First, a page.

Government promises to abolish Section 28

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The Government yesterday vowed to press ahead with the repeal of Section 28, which bans the promotion of homosexuality by local authorities, despite a defeat by peers over the contentious issue.

However, it became clear that ministers would need the help of a new batch of life peers to swing the balance in the House of Lords to get the measure on the statute book.

David Blunkett, the Education Secretary, had hoped that new school guidelines on sex education, included in the Learning and Skills Bill, would placate campaigners fighting to keep Section 28.

Under his compromise, children would be required to learn the "significance of marriage and stable relationships in society" in schools. However, peers supported - by 190 votes to 175 - an amendment tabled by Baroness Young, a Tory peer, stressing the importance of traditional marriage .

A Downing Street spokesman said the Government was "obviously very disappointed" by the outcome and would reverse the defeat when the Learning and Skills Bill was debated in the Commons next week. "The Government believes it has made every effort to listen to opinions across the range. David Blunkett has done a lot of negotiation with the churches," the spokesman said. "We will want to look at tactics as to how we take this forward, but we are still committed to the abolition of Section 28."

The new list of working peers is expected to be published next Friday. There will be 19 Labour, nine Liberal Democrats and five Tory peers. Ministers hope that the peers will be in place once the Local Government Bill goes back for debate to the Lords in July.

Lady Young's amendment to promote marriage was supported by an alliance of Tory peers, a few Labour peers and crossbenchers on Thursday. The Government will reverse the change and will not seek to reintroduce the guidelines in the Commons. Sources close to Mr Blunkett said the guidelines did not need to be enshrined in law to be available to schools.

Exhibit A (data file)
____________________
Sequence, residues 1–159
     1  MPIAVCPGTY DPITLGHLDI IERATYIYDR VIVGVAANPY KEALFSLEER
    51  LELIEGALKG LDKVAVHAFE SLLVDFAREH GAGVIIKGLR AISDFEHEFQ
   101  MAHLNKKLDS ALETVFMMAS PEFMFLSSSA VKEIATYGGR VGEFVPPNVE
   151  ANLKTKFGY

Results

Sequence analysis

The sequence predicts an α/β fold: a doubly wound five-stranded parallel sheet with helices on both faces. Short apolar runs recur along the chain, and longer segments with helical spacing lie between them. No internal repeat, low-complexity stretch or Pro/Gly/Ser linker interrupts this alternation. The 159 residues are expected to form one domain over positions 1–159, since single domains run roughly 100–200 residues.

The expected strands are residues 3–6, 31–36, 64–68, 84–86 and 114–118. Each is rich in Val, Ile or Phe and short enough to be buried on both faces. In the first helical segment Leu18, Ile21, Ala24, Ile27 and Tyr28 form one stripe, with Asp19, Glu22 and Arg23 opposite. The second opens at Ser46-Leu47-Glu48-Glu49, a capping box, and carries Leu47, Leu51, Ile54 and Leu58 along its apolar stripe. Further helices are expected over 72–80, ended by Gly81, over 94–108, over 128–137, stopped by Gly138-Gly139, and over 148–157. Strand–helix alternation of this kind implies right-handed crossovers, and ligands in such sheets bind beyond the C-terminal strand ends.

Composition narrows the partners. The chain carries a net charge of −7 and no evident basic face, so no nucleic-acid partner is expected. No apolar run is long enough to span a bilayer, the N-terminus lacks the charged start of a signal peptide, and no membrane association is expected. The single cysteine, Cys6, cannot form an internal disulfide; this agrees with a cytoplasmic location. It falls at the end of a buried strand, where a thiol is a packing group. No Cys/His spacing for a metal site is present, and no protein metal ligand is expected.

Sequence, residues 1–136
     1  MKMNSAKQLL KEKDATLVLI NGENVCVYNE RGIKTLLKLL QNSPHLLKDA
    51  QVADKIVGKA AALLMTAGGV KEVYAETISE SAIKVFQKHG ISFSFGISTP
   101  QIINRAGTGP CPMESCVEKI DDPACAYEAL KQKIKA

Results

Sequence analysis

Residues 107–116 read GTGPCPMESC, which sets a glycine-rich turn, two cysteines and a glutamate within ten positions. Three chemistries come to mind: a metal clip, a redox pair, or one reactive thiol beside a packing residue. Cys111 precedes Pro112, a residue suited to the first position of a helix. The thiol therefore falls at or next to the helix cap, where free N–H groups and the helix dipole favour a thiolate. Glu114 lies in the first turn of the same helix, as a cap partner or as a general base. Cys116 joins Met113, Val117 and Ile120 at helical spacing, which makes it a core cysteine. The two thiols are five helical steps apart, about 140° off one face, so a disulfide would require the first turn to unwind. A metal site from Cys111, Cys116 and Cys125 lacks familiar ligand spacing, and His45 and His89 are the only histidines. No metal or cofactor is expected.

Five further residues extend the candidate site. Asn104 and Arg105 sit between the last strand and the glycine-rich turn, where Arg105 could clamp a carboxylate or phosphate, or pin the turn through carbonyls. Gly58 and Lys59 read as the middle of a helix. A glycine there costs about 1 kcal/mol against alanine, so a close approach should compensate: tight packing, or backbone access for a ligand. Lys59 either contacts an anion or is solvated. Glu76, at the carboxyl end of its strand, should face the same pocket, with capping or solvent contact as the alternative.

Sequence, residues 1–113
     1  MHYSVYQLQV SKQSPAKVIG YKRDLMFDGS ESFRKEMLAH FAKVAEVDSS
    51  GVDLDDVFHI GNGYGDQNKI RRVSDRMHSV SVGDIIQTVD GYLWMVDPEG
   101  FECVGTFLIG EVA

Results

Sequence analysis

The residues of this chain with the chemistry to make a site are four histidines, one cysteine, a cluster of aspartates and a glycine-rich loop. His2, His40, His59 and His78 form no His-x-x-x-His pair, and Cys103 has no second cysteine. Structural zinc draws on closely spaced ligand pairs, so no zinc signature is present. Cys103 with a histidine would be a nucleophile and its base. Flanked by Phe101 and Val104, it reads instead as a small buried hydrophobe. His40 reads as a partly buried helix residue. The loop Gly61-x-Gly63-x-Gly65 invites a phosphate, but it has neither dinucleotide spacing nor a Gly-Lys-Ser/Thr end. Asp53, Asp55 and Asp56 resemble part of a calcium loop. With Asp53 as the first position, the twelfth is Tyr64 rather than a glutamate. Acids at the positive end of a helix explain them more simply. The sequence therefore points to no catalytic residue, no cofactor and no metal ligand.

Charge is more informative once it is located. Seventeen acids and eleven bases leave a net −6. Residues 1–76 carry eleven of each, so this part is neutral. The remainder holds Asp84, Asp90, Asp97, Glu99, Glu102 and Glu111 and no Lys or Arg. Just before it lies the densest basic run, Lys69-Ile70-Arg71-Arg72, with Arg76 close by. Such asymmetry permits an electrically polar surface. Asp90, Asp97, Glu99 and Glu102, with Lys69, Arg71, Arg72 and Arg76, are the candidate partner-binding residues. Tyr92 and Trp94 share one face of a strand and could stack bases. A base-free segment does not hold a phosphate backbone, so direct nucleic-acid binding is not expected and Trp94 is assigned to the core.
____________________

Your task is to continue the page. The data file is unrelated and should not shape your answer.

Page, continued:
The Downing Street spokesman made it clear that there was now little room for a compromise solution. "There is a fundamental difference between what Baroness Young is proposing and what we are proposing," he said.

Mr Blunkett, after lengthy discussions with religious leaders, decided to draft new guidelines after it suffered a heavy defeat when it tried to repeal Section 28 during debate on the Local Government Bill in February. Bishops agreed to cooperate with Mr Blunkett because of their concern about the bullying of children.

But Theresa May, the shadow Education Secretary, called on the Government to back down after the defeat. "The Government should apply some common sense and drop this nonsense," she said. "Parents want the comfort of knowing homosexuality cannot be promoted in schools at public expense and that their children are protected."

Nigel de Gruchy, general secretary of the teachers' union NASUWT, also welcomed the defeat of the Government's guidelines. "I think they are unnecessary, they are bureaucratic and they would add considerably to teachers' workload," he said.

"I now think the Government should proceed with its original plan to scrap Section 28 and I don't think the Government should be distracted by futile attempts to placate the forces of reaction in the House of Lords."

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